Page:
ABC’s John Stossel keeps it simple, and true.
I confess: I don’t write everything that I say on TV. I write almost everything, but when I anchor, another writer often does a first draft.
Tonight on 20/20, we report on GM. The writer suggested I begin: “it was once the most powerful company in the world…”
GM was indeed the most “profitable,” or “biggest”—that I get. But powerful? Why do people think about business that way? GM has/had no armies with which it can invade other companies. It had no power for force anyone to work there. It couldn’t force anyone to buy GM cars.
Your average two-bit government bureaucrat has more “power.” He can send people with guns to take your money (tax collection). He can lock you up, seize your property, tell you what you cannot do on your property, summon you to court, and so on. Government has the monopoly on power.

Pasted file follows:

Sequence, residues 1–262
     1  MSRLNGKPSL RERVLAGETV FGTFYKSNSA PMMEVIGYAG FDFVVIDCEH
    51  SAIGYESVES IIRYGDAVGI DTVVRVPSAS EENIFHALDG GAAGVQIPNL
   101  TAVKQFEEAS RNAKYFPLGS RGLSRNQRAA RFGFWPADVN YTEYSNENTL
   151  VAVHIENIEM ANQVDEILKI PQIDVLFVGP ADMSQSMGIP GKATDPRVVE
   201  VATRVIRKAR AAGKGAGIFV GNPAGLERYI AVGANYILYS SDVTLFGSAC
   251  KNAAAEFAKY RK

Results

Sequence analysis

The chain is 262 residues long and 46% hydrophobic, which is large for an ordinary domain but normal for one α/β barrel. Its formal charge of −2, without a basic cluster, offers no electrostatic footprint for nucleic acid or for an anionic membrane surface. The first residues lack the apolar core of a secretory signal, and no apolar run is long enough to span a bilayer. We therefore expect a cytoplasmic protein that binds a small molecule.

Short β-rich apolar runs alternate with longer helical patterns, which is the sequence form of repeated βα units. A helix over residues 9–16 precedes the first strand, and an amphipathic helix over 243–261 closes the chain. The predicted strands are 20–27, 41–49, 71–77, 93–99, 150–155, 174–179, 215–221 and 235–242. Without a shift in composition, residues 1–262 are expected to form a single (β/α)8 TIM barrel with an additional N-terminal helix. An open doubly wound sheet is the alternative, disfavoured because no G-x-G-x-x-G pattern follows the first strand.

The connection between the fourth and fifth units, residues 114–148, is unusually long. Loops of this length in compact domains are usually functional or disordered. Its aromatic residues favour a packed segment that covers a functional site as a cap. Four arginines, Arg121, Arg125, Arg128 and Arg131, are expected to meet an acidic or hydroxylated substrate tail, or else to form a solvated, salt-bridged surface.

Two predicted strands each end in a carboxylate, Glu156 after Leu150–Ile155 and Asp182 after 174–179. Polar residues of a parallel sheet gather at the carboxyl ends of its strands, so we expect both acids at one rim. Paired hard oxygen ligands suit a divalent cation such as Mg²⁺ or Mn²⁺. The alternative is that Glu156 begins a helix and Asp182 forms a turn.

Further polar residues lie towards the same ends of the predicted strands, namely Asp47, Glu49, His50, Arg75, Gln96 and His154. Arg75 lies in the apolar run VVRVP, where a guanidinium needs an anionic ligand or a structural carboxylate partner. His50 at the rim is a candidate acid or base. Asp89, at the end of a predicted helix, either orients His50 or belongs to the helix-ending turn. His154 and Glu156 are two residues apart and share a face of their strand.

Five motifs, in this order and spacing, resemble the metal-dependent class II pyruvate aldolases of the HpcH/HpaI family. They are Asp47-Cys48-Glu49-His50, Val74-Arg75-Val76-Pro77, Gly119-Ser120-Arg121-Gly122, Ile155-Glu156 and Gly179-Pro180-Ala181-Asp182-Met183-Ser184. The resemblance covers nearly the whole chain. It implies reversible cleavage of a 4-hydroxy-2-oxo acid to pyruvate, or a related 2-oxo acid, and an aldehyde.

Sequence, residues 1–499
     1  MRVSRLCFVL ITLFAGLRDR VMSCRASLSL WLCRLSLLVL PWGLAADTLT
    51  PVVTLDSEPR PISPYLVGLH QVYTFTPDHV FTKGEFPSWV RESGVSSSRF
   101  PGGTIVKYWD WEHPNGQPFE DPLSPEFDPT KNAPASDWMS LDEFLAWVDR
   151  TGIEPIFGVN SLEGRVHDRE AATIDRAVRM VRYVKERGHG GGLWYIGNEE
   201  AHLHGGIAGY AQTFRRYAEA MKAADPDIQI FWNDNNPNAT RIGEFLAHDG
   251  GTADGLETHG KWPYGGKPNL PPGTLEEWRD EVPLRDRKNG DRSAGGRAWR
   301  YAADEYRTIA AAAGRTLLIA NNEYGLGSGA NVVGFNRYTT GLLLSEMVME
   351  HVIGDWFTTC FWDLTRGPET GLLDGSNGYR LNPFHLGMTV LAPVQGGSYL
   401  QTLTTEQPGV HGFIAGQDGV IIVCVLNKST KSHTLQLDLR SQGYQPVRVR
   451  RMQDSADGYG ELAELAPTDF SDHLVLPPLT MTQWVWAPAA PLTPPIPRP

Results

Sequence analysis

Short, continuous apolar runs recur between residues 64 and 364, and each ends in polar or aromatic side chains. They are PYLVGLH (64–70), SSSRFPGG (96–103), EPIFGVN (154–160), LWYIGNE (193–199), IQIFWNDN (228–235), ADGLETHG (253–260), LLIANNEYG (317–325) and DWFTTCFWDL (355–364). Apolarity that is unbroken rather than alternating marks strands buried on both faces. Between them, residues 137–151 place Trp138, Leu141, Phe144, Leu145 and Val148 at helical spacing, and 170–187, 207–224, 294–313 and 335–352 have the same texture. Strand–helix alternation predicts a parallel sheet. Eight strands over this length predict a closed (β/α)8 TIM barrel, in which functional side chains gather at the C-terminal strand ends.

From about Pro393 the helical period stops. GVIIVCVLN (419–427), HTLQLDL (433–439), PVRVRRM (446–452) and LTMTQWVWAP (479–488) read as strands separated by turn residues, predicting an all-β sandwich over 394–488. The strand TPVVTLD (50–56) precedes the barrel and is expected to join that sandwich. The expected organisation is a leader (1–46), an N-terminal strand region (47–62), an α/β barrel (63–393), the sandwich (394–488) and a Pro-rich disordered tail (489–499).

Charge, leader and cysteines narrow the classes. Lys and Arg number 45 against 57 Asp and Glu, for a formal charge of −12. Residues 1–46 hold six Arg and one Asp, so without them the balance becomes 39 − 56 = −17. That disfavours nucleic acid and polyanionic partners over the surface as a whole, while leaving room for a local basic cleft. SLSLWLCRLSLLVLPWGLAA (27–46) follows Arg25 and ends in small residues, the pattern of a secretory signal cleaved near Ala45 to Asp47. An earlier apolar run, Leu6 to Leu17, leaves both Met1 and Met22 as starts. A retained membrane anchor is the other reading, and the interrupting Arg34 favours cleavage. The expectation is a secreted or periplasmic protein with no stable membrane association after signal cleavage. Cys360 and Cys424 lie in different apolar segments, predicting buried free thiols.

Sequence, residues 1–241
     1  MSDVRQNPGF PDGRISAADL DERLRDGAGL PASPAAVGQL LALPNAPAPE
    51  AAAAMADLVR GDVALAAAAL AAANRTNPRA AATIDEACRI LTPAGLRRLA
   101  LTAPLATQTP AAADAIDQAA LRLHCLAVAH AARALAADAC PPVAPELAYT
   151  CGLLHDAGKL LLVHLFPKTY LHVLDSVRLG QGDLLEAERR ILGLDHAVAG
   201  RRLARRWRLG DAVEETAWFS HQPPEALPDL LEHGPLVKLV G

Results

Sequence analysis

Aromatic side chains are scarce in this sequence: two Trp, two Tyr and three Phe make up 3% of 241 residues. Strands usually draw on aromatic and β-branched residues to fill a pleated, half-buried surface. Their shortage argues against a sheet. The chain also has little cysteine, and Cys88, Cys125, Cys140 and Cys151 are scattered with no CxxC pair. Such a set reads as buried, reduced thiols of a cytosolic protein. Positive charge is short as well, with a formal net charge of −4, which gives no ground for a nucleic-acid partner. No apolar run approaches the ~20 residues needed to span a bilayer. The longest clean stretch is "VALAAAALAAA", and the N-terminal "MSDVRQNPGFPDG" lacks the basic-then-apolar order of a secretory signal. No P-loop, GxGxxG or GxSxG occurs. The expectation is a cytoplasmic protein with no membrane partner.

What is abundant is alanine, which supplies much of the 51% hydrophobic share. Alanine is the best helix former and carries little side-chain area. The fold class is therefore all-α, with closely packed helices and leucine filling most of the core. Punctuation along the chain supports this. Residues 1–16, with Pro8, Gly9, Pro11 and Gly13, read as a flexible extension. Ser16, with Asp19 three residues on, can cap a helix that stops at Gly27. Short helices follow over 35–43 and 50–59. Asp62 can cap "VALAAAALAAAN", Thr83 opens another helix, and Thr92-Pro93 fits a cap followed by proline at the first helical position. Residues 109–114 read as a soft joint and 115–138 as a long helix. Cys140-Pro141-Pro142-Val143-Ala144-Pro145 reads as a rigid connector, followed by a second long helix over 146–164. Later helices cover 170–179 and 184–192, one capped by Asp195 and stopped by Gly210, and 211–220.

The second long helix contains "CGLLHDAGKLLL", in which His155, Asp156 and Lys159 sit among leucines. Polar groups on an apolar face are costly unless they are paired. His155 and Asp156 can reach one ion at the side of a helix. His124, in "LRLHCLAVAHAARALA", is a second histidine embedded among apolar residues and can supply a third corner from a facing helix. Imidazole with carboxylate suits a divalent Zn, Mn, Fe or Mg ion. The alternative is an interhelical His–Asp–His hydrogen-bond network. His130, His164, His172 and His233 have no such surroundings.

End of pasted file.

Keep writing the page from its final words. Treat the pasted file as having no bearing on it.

I asked the writer why he chose “powerful” and he said, “well, they were so big and almighty…”
But they weren’t “almighty.” That’s proven by their bankruptcy.
Business, to survive, must be a supplicant: it must work hard to please its customers, constantly adapt to meet their changing tastes, beg them to even visit the showroom to consider a purchase. Business is good. There are a few cheaters—I made a career reporting on them—but they are exceptions. Overwhelmingly, business serves us very well.
But the MSM holds capitalism in contempt.
And with them, many liberals. Let’s hope this economic mess at least teaches many a lesson…
h/t: AT QB